Last winter we had a large beech tree cut down. It could easily have been close to 100 years old, but there wasn’t any way to tell as it was also hollow. The base of the tree had started to rot out and because it was close to the house and our oil tank there wasn’t really any choice but to have it taken down before it fell down.
The timber has sat around seasoning for eleven months and now we’re running out of other wood to feed our woodburners this winter I decided earlier in the week that it was time to chop it up. Friday saw the chainsaw getting a service, and particularly a clean of its air filter which turned out to be absolutely filthy. Over the course of a few hours I chopped most of the timber into suitable size lumps and reduced the height of the stump by about 60cm (the people who took the tree down weren’t happy going any further than they did because there was barbed wire embedded in the tree, but I managed to cut that bit out enabling me to take out the wood below it). At the end I’d guess I had somewhere close to a tonne and a half of cut timber. I reckon I can get more out of the stump, but I need to empty out the hollow centre first, so the chain doesn’t have to dig through it:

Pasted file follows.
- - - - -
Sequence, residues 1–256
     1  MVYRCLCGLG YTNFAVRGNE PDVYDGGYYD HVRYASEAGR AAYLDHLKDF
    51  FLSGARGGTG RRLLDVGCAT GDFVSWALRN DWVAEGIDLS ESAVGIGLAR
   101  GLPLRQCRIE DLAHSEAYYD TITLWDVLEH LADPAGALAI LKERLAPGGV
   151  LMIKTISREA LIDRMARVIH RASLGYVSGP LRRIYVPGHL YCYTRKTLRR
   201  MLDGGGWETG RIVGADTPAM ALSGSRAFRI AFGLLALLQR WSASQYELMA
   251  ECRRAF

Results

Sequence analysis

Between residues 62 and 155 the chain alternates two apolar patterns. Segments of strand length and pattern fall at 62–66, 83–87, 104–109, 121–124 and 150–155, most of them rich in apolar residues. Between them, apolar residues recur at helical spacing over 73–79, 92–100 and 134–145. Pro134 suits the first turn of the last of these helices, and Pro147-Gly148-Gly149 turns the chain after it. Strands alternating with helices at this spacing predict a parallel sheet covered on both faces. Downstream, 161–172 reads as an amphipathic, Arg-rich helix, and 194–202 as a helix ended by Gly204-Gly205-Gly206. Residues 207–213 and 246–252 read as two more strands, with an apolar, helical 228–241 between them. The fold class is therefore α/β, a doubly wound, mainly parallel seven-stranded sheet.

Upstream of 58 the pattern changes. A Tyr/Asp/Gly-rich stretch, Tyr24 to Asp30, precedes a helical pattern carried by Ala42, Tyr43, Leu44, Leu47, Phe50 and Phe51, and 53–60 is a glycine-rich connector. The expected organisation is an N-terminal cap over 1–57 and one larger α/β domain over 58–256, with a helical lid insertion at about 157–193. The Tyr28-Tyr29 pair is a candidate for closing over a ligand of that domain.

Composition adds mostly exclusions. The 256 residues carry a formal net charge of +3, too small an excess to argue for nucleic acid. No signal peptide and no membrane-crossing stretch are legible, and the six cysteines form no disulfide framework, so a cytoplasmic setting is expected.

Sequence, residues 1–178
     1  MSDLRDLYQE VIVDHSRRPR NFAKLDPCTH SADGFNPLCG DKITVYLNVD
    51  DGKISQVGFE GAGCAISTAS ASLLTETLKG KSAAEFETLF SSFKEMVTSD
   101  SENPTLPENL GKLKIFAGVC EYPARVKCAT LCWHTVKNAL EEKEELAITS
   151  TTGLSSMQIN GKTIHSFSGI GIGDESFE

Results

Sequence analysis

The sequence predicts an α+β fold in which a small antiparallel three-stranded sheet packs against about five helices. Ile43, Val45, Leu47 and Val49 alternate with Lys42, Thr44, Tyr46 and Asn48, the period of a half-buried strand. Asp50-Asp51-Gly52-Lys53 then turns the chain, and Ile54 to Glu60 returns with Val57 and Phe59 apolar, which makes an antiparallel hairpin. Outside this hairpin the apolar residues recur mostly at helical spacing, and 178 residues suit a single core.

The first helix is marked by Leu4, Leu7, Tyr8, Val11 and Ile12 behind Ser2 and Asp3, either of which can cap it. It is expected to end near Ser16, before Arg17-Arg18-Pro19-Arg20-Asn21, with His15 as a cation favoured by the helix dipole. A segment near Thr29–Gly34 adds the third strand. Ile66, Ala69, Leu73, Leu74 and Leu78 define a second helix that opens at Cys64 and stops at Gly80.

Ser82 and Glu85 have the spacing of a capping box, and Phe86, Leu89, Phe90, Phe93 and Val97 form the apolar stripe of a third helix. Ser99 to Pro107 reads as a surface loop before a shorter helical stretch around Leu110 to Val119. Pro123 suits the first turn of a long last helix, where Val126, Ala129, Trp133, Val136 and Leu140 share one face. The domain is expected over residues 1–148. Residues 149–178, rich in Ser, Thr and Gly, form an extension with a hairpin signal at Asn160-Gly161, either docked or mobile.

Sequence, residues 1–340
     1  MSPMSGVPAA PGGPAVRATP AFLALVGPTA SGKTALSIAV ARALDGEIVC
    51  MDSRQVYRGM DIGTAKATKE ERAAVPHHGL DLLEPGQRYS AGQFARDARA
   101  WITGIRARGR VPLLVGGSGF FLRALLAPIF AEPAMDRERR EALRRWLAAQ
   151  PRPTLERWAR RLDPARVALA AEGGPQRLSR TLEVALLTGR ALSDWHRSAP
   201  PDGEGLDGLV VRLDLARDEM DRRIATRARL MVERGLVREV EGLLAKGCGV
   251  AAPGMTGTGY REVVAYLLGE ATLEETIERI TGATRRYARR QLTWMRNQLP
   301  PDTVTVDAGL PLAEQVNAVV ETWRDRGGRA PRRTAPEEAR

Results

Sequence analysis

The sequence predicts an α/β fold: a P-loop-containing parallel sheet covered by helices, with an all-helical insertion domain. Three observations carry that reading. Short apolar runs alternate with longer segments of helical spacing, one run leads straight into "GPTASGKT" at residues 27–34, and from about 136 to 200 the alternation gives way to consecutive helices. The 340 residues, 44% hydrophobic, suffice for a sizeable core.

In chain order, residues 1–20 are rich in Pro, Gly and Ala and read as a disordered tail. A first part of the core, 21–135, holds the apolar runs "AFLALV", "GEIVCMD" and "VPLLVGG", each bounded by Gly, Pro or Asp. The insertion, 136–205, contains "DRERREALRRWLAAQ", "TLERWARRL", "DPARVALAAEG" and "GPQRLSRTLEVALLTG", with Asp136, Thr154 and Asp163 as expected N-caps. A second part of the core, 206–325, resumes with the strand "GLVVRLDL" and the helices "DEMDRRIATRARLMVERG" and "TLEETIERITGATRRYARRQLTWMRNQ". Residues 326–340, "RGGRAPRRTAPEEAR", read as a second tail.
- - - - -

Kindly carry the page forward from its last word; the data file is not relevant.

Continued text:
Today however, I really ache. Mostly my back, from having to stoop with the saw to work on the wood. I intend to buy a new stand for cutting longs this year, but the pieces from this tree just wouldn’t fit into any kind of stand. Hopefully the muscles will get used to it as I still have a fair bit of timber to cut to fill our log store. At the same time as the beech we had a dead red maple cut down, a dying and rotting out holly and one of a pair of silver birches that were too close together. Those are still waiting to be chopped up. I also have a number of sycamore trunks to turn into firewood, too.